In 2006, BBC7, the BBC's digital archive radio station, after airing some previously recorded Eighth Doc stories, asked Big Finish Productions to produce a series of new 50 minute tales, with a new companion, Lucie Miller, later to be released on CD. They should have been wonderful. Big Finish wheeled out some of their most respected writers, the casts were, in radio terms, stellar, Paul McGann (one of the finest radio voices of his generation) was still in the lead chair. It all looked rosy right from the off. The remit seems, understandably, to have been 'new series for the radio' but for all their lining up of the big guns, what makes the NEDAs so much less than they should have been is that they are so slavishly adhere to the norms of new series TV, with its constant musical accompaniment, casual slaughter (specifically of women), and with modern youth as something to be pandered to, rather than analysed or, god forbid, criticised. The Doctor is, for Lucie, more a figure of ridicule than one of mystery (for no other reason than he is older than she is). One doesn't expect a Victoria Waterfield clone in this day and age but had I been the Doctor, I would have booted her out of the Tardis quicker than you could say "Turlough". (Actually, he does try to do just that quite early on in the previous story.)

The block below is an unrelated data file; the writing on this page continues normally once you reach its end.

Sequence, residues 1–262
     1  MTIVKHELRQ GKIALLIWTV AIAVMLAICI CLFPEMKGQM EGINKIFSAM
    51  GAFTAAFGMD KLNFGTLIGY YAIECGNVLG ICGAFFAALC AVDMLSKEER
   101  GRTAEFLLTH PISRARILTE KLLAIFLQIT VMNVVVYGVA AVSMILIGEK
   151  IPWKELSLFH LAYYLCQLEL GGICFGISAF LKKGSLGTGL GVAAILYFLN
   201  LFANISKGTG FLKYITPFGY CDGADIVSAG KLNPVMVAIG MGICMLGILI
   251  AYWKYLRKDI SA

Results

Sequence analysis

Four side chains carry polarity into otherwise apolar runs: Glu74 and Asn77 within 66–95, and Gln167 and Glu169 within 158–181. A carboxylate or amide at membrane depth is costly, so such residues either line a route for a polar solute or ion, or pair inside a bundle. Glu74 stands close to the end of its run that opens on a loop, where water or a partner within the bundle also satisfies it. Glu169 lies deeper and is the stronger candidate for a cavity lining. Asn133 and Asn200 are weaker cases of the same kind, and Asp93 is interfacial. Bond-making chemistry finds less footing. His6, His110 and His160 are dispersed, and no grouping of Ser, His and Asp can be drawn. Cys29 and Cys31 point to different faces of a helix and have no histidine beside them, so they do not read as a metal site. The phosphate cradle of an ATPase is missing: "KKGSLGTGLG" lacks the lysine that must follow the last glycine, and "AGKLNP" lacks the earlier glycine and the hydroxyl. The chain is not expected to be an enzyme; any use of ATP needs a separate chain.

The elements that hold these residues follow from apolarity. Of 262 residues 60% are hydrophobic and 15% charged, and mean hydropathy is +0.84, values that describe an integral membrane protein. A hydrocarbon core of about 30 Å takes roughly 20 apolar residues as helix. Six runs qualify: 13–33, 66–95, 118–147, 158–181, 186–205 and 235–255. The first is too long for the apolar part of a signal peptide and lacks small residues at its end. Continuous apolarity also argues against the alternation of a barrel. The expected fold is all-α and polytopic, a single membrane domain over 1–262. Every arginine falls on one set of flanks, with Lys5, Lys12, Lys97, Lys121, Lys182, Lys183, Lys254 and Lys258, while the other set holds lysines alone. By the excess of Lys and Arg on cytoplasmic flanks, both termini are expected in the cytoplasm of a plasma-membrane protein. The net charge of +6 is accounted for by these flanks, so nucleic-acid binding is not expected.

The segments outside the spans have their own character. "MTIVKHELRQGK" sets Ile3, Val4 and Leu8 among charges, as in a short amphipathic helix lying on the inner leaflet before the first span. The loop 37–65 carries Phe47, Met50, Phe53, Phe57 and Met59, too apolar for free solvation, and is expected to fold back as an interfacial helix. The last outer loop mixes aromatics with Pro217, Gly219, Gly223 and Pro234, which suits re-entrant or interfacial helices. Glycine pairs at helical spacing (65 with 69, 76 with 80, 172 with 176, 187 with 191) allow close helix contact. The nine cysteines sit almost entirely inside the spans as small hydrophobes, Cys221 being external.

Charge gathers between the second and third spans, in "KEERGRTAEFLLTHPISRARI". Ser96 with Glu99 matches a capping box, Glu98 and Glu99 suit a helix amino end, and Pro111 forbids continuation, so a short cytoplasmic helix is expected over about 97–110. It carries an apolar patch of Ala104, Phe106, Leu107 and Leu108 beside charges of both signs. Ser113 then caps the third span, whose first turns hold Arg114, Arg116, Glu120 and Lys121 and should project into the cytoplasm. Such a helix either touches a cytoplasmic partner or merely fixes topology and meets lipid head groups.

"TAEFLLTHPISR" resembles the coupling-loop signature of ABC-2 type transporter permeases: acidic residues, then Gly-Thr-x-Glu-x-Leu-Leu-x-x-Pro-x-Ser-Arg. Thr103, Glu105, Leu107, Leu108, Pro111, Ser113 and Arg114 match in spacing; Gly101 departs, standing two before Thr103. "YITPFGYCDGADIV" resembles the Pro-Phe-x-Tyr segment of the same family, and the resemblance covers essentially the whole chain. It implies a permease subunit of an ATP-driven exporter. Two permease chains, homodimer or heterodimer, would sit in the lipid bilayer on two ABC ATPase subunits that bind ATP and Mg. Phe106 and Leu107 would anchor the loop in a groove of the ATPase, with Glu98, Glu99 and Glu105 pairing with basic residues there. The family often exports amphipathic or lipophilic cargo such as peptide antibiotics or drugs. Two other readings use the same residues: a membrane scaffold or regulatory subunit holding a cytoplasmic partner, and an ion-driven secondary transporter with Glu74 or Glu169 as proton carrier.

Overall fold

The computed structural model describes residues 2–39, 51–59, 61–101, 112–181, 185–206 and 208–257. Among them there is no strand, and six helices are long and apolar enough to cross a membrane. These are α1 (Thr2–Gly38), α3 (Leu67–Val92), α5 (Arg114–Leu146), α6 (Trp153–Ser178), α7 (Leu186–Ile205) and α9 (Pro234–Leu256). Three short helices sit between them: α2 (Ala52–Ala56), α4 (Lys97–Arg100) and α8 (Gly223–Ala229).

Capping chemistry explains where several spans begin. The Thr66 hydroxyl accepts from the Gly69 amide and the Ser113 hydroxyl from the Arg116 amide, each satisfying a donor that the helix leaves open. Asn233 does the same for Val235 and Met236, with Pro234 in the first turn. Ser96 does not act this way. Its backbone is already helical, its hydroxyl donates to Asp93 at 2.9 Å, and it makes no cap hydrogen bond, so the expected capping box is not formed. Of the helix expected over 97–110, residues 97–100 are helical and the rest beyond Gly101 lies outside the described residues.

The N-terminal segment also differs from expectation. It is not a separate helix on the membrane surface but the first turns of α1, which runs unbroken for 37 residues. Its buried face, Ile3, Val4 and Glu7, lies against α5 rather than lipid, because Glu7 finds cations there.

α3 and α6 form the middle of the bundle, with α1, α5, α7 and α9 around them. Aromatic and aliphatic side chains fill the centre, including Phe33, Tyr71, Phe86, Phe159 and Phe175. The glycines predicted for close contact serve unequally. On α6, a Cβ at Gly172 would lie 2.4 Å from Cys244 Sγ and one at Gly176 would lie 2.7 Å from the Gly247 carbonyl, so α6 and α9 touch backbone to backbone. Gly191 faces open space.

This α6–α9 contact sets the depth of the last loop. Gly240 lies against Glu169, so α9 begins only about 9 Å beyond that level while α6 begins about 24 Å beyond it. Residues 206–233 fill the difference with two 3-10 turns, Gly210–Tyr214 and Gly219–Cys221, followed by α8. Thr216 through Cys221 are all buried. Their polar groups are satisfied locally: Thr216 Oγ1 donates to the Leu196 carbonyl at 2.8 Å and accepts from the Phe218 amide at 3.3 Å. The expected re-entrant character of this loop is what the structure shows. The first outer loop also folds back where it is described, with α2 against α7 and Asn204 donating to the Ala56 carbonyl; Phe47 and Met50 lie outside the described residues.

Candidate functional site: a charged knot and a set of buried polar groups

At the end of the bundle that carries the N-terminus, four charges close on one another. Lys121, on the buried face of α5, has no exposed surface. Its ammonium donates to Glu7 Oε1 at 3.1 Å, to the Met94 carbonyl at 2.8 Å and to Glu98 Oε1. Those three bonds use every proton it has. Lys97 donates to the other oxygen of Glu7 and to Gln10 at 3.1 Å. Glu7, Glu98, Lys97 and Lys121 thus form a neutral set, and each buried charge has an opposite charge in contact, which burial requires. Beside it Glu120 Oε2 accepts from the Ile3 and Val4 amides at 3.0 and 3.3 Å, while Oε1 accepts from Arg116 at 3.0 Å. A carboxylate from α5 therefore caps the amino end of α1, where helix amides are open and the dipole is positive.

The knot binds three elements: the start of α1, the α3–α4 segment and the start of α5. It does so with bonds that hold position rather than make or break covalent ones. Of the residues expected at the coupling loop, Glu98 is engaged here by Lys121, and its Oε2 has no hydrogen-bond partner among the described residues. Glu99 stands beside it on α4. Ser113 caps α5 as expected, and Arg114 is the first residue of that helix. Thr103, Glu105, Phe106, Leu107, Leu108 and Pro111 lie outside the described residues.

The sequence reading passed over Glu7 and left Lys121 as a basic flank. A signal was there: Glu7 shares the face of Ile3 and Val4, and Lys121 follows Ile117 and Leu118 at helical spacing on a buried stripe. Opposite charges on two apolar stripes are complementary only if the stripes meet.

'The Horror of Glam Rock' is story number two and there are a couple of funny moments. The cast ain't that bad, although Lucie is really annoying and the whole thing crawls its way into predictabilty pretty quickly. When the most engaging supporting character is killed, it is not only sadly predictable but the death is then happily forgotten by everyone in no time at all. Since when did death become so easily shrugged off?
There is a certain poignancy in hearing the late Stephen Gately (and he is rather good) but 'The Horror of Glam Rock' is, as audio entertainment, a badly choreographed train wreck.